There are 1 high school codes in Iceland today, according to the ACT. The full list is shown below by city, with name of each high school and the city where the school is located (based on the ACT official site). You can search a school code by pressing “Ctrl” + “F” and then type school name or 6-digit school code.
Map of Iceland
High School Codes by City
- High School Code
The above lists CEEB codes (College Entrance Examination Board) for all accredited Iceland high schools. Please be informed that the list of high school codes in Iceland may change throughout the year. If you can’t find codes for the high schools of your interest, please write to us or come back at a later time. We will update our database soon after a new high school code is added to the country of Iceland.
Iceland is a state in the northern Atlantic Ocean, south of the Arctic Circle, with (2018) 353 600 residents; The capital is Reykjavík. According to ABBREVIATIONFINDER, ISL is the three-letter country code of Iceland, and IS is the two-letter country code of Iceland. The two-letter suffix is used in top-level domains on the Internet as .is.
Iceland is 103,000 km 2 and lies between Greenland and Norway, where the North American and Eurasian tectonic plates are drifting apart. The territory includes the main island of Iceland and a few small offshore islands such as the Westman Islands and Surtsey.
The inland almost untouched landscape was formed by hundreds of waterfalls such as Dettifoss and Gullfoss, gigantic glaciers, geysers, earthquakes and volcanic eruptions. The ash clouds from Eyjafjallajökull hampered European air traffic for days in 2010.
The largest glacier with 8 100 km 2 is Vatnajökull, it takes up one eighth of the country’s area. Glacier water feeds numerous non-navigable rivers, of which Thjórsá (230 km) and Jökulsá á Fjöllum (206 km) are the longest.
Thanks to the Gulf Stream, there is a changeable oceanic climate with mild, windy winters and cool and humid summers. North Atlantic lows and polar drift ice often bring storms. Iceland is fighting global warming with the aim of implementing the Paris Agreement by 2030 and becoming CO 2 neutral by 2040.
The country is poor in forest and other plant species. Mosses, lichens, mushrooms, blueberries and cranberries and small shrubs grow in the highlands and on lava fields. Lupins were introduced with the aim of preventing soil erosion. But they spread so rapidly that they threaten native plants.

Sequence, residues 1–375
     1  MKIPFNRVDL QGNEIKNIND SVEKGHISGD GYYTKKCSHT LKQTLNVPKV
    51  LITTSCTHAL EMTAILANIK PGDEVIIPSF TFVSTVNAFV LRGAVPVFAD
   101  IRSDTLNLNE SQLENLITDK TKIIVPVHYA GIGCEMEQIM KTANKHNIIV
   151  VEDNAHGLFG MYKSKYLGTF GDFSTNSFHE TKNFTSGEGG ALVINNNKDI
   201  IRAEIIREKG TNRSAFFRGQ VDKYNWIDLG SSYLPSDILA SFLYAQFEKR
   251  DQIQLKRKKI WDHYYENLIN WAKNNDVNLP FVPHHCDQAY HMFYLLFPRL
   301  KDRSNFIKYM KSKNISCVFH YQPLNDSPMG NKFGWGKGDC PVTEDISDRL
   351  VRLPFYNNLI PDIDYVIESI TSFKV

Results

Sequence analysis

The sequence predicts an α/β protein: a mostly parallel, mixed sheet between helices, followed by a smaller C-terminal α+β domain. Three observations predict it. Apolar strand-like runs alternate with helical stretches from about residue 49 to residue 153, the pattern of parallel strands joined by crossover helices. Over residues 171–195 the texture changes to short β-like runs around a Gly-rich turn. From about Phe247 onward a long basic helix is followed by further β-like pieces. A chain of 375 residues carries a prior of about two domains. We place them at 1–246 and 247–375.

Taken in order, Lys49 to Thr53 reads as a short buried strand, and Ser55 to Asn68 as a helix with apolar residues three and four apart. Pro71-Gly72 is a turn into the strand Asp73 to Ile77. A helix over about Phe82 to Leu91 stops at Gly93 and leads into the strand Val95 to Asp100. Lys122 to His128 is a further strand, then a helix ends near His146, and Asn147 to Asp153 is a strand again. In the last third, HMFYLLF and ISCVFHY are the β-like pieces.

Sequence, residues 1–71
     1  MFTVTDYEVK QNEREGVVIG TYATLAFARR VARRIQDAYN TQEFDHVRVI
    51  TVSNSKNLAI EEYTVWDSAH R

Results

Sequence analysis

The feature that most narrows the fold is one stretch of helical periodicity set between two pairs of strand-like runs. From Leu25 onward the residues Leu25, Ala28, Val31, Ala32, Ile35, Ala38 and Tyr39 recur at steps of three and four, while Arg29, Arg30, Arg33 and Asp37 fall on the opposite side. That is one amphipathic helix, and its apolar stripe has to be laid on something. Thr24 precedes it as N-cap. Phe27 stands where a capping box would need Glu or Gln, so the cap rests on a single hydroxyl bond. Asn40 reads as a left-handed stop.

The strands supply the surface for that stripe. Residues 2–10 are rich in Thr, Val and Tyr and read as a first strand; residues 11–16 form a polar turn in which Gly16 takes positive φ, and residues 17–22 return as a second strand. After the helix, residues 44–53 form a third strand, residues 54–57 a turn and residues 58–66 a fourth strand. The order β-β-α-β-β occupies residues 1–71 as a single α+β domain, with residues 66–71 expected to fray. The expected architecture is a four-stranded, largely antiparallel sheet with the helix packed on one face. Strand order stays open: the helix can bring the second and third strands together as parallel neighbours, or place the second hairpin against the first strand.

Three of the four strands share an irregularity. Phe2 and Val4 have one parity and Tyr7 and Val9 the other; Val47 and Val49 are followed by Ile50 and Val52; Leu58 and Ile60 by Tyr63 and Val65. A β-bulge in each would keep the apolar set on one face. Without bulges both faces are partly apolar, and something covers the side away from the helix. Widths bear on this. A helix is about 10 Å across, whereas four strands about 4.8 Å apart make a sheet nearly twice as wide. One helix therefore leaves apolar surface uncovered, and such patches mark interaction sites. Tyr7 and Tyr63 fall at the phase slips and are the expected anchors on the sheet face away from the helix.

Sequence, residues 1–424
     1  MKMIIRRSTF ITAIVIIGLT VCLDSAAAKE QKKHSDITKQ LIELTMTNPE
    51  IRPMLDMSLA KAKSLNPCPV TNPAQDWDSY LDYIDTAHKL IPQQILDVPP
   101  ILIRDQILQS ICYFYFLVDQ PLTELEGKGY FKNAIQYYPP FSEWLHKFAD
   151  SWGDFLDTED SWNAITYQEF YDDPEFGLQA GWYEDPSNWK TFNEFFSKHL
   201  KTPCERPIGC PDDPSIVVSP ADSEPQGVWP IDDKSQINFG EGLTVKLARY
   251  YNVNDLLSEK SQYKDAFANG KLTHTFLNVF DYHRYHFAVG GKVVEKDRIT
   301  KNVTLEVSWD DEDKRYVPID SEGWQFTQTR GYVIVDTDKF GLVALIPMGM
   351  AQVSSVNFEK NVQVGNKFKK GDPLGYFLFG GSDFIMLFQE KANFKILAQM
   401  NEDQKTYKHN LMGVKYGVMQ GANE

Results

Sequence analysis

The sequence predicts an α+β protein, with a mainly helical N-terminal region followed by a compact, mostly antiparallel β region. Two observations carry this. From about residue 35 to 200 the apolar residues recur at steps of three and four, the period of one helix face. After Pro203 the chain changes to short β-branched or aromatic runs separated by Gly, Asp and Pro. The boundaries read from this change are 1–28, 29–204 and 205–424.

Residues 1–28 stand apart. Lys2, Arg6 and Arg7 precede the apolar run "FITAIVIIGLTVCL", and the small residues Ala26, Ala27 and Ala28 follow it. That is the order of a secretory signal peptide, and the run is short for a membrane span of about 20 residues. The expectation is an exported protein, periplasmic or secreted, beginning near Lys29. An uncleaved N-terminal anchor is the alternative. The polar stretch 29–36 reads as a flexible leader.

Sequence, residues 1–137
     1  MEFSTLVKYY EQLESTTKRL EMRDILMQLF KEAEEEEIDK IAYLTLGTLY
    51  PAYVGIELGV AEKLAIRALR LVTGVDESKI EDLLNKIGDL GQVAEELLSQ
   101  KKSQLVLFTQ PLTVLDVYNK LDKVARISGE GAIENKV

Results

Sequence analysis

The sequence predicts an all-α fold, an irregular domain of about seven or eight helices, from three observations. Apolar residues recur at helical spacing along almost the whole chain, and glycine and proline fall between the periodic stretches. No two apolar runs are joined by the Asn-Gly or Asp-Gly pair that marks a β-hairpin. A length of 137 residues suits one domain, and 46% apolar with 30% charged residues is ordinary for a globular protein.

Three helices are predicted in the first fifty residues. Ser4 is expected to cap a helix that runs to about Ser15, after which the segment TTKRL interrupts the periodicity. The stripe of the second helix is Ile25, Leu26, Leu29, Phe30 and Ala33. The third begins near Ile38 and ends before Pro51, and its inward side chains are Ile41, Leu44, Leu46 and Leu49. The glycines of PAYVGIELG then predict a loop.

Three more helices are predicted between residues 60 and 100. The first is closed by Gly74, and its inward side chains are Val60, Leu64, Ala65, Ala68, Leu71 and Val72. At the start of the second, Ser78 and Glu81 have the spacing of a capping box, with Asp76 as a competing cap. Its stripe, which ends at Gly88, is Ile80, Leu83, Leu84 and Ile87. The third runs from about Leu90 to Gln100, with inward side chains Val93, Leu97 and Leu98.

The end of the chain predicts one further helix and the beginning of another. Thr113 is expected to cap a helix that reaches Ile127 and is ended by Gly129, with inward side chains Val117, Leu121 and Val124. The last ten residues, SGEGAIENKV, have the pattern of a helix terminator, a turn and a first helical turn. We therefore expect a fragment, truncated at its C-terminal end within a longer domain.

The only native land mammal is the arctic fox. Mice and rats came on ships. Sheep, cattle and horses were introduced as farm animals. It is home to many species of waterfowl, including the brightly colored puffin. Numerous species of fish, whales, seals and harbor seals live in the sea.
Population and Religion
Iceland has (2018) 353 600 residents. With 3.4 residents per 1 km 2, the country has the lowest population density in Europe. Settlements and cities emerged almost exclusively along the coasts. 230,000 people live in the Reykjavíkmetropolitan area. The interior, especially the highlands, is uninhabitable. The population consists mostly of descendants of the Norwegian Vikings and the Celts. Their language, Icelandic, is closely related to Old Norwegian and has changed little over the centuries. Icelandic is the official language, and most Icelanders also speak English. About 20% of the population were not born in Iceland. Poles and their descendants are the largest minority.
The equality between men and women in Iceland is exemplary, 80% of women are gainfully employed and receive the same pay as men.
The social and health services in Iceland are very well developed. There is pension, health, accident and unemployment insurance as well as support for families, e.g. B. Parental and child benefits. Attending state schools is free of charge. The four public universities only charge an annual registration fee, the three private universities are cheaper than comparable European institutions.
The constitution guarantees freedom of religion. Most Icelanders belong to Christian denominations. About 6% of the population do not belong to any denomination. The trailer, which was founded in the 1960s Ásatrú community professing Asenglauben (Asen). They were officially recognized as a religious community in 1973.
Iceland’s oceanic climate is much milder than its name “Ice Land” suggests. The relatively warm Irminger Current (part of the Gulf Stream) causes cool summers (July: approx. 8–5 ° C) and mild winters (January: approx. -6 to + 2 ° C). The winter months are the windiest and wettest months. The mean annual precipitation is 800–2,000 mm in the southwest and south, 400–700 mm in the north. North Atlantic lows bring storms and frequent weather changes, intensified by the approach and retreat of the polar drift ice.
Iceland responded to global warming in 2018 with a new climate strategy that aims to achieve the goals of the Paris Agreement by 2030 and make the country CO 2 neutral by 2040. Icelandic climatologists expect the glaciers to disappear in 100–200 years. In 2014, the first glacier in Iceland, Okjökull, disappeared.